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possum

44lb. Carp on 2wt Flyrod

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Ok now I got your attention. I want to catch carp on my flyrod. I have a 2wt (I'd think it way too small) and a 5wt. The average carp will most probably be under 10lbers.

Is a 5wt heavy enough for these size fish?

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macfish here. Possum (Rob, is it?), I have a fly rod that is a 6 weight (it's an old Scientific Anglers 8'1" fiberglass rod matched to a Pfleuger Medalist reel) and though I have yet to get a carp on it, several flyfishing folks here (Eich, MrP and maybe John Montana) have told me that a 6 weight should be good enough for many carp. My guess is your 5 weight should do okay. Now your 44lber, that might take a bit more. You might want to contact Nightwing (Paul) about that. I noticed in his signature that he said he got a 40lber on a fly: "home waters, Lake Michigan PB: 40+, on fly gear." Good luck! Jonathan

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Mine was on either my 9wt St. Croix pro graphite, OR my 10 wt Legend ultra...I can't recall now! I "think" it was on the 10 wt..

Either way, the rod size is entirely dependent on anticipated fish size and water....I use a 5 or 6 in numbers waters(lots of small fish under 20 lbs), and I use the 10 on the very biggest fish(30 plus anticipated). The 10 was originally purchased for Chinook, but gets used much more often for carp now:D

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Ok thanks! The 5 is the heaviest I got.

I want to fish the feeder creek at the Bum Swim with it. I did a little expermenting last year with a 4ft. Ultralight with a underspin spooled 4lb. and caught a gang of carp. Most was 6-9lbs. with my biggest on the light stuff there going 11lbs.

Now to do it on a flyrod is my next little personal goal. I was just concerned the 5 might be a touch too light but I guess if the drags adjusted right something else should break before the rod.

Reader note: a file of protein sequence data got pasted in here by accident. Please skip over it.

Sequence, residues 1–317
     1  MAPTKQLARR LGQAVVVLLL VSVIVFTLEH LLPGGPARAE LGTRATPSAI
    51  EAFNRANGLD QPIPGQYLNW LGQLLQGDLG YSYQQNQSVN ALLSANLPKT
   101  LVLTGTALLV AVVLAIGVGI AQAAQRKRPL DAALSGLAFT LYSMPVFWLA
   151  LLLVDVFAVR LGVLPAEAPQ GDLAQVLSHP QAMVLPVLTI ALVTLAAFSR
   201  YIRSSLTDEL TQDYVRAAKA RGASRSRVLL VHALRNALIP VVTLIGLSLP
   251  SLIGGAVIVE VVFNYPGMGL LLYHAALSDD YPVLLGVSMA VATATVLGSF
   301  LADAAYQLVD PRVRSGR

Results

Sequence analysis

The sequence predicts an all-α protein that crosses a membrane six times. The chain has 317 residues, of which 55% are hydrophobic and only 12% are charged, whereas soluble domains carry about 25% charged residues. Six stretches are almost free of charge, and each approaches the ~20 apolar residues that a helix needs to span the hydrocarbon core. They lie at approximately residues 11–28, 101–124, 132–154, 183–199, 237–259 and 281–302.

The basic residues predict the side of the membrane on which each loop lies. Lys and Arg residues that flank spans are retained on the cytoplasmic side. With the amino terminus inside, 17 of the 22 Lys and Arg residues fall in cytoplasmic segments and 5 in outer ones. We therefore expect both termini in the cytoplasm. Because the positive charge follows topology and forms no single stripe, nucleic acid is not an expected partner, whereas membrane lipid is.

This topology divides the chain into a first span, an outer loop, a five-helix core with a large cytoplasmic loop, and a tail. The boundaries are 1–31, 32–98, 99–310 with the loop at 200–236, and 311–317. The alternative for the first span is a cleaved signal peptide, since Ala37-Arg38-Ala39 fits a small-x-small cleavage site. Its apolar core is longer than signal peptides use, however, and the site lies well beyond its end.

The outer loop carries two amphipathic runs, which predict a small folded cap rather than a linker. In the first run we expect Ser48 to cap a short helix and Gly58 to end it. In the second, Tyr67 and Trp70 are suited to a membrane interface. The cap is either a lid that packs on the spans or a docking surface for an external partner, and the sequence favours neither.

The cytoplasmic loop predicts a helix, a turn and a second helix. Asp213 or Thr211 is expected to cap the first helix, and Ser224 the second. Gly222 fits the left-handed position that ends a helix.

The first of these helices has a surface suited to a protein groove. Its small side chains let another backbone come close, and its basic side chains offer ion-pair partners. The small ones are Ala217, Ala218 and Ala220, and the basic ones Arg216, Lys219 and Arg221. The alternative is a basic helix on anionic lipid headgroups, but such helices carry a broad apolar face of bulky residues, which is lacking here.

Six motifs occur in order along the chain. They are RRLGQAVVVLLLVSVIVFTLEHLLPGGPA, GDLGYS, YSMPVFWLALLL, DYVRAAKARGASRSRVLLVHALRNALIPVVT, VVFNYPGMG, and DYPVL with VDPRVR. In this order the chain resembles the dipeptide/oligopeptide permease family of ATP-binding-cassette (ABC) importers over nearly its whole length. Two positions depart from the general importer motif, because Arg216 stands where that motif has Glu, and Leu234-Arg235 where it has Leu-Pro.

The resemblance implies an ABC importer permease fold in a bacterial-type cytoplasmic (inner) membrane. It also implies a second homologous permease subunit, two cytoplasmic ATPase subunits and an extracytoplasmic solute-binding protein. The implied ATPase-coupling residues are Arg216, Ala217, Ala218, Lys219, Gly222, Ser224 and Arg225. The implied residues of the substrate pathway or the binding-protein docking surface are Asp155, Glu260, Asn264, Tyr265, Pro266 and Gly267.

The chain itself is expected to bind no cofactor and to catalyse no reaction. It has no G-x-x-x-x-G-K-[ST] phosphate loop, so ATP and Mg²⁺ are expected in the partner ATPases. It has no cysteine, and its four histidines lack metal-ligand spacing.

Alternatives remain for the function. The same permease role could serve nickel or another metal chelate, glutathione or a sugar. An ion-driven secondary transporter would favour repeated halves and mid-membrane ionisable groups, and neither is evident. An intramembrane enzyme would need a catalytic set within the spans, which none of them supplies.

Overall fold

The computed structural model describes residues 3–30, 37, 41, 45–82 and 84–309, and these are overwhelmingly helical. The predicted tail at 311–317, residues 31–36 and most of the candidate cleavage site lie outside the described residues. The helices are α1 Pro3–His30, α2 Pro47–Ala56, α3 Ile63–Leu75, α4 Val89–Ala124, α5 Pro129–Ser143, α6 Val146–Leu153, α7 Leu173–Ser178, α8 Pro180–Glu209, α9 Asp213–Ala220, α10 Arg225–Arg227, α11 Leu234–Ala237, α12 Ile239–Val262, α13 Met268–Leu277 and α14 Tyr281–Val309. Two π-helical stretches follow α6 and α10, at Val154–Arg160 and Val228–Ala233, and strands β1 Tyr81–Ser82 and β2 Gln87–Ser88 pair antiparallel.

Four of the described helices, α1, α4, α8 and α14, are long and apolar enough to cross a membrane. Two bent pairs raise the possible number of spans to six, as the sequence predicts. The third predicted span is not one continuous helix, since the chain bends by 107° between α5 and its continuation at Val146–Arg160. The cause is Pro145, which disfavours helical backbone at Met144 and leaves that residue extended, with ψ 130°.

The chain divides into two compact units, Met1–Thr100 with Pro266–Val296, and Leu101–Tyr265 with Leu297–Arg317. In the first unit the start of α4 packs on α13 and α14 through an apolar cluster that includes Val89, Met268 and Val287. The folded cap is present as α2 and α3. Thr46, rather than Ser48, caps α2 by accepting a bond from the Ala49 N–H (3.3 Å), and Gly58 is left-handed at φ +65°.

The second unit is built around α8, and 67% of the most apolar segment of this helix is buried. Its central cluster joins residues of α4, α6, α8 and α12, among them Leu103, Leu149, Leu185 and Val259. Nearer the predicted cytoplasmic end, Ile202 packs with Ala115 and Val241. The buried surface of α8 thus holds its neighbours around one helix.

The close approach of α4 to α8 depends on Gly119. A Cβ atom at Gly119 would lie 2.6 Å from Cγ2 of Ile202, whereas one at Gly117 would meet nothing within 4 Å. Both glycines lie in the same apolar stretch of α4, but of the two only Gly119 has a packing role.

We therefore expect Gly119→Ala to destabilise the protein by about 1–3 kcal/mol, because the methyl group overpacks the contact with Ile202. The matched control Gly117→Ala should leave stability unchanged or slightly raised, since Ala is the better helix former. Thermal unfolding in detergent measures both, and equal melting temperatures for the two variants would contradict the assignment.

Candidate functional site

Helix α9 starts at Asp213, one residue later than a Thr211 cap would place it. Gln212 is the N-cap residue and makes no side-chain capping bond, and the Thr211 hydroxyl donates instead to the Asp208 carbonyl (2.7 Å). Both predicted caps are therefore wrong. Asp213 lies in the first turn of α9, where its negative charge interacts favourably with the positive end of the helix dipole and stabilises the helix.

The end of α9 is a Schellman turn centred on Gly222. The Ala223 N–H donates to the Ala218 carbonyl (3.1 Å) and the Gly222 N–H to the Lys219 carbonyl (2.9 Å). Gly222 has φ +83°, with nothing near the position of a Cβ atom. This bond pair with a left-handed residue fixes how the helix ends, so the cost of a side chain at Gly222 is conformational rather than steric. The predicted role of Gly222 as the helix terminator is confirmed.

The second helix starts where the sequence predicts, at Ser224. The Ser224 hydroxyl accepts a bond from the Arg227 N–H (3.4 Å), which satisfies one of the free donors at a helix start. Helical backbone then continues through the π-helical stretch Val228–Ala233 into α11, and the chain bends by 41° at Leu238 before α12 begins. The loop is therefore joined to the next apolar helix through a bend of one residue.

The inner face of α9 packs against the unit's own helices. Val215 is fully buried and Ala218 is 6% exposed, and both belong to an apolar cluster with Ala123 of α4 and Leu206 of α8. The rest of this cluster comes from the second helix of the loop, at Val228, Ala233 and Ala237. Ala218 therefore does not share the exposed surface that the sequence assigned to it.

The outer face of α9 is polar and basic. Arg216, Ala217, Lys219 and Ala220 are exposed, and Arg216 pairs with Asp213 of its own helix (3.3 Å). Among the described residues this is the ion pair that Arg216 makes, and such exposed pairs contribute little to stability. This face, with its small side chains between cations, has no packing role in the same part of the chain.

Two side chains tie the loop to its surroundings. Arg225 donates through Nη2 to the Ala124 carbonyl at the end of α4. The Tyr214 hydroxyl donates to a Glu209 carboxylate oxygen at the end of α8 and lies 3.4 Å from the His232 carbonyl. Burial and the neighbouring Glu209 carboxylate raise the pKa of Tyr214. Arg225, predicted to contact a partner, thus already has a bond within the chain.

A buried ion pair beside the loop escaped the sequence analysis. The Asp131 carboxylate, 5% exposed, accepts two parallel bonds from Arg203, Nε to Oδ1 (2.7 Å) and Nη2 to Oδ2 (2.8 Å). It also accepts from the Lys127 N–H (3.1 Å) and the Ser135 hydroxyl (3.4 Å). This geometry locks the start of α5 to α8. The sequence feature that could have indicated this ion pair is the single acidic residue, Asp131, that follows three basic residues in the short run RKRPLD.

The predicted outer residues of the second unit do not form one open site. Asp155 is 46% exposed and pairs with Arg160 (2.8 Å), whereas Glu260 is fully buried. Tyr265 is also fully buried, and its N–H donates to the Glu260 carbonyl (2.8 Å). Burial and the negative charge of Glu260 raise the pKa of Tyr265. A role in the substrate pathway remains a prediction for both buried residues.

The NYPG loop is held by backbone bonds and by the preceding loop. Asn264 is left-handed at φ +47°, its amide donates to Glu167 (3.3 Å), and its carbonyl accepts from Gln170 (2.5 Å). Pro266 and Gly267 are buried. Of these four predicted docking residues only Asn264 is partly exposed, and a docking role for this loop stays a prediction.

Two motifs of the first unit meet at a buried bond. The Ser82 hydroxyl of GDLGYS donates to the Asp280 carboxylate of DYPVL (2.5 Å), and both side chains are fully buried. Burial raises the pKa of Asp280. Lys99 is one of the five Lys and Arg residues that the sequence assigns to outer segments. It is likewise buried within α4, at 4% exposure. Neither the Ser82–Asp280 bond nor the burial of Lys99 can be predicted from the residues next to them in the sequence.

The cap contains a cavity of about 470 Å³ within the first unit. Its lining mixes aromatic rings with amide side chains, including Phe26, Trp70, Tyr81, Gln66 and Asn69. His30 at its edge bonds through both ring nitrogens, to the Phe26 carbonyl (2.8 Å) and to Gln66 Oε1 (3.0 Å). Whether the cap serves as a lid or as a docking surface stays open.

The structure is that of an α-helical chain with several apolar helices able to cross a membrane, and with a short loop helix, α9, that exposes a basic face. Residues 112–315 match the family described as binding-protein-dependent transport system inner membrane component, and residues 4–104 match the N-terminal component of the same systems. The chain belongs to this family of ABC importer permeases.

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Guest zonker

Possum,

I'm fairly new to flyrod carping (one year) but I've done just fine with a five weight on sub-10 pound carp. In fact, the gentler presentation possible is a plus. Just don't try to horse them in and you'll do fine.

z~

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Guest zonker

Hey Nightwing,

Must be tough having to put up with Lake Michigan as your home waters. :D

z~

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Thanks All! I think I'll just give it a whirl with the 5wt.

Now probably my luck is I actually get into a big one with that light stuff and suffer a defeat. LOL

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Possum, the rod a person might need is dependent on the size of the fish and on the conditions. If you need to keep fish out of cattails or other weeds you need a heavier rod. If they can run out into a strong river current then you will also need a heavier rod. Your five weight could be a bit light for some of what you are talking about but it will probably be just fine particularly for fish in the 6-8 pound range. Budget, number of times you get out etc. also come in to play when considering making a new purchase. The 8 weight that Paul is offering for $44 at Wacker Baits and Tackle is a steal. Plain and simply, that's a steal. If you intend to do more fly fishing for Carp particularly if you plan to fish in water where you might see some larger fish or need to deal with less than perfect conditions you just can't go wrong with that 8 wt. The Avid is a medium fast action, mid price point rod. Paul is showing it as a three piece rod. Currently St. Croix makes 2 and 4 piece rods in the Avid 8 weight so it might be mislabeled. The rod may be from a few years ago and may indeed be a three piece. Number of sections can be an issue when traveling. Some of my rods are two piece and some are 4 piece. The two piece rods still fit fine in the back of my CarpWagon but 4 piece rods are easier to take on the plane. Even if it is a model from a few years back, it is still a heck of a deal for any fly rod Carper. Another thing about that rod is that it has a fighting butt. If you have a day where you get into a bunch of larger Carp the fighting butt helps reduce arm fatigue. I would buy that 8 weight from Paul right now if I didn't already have one. I mean two.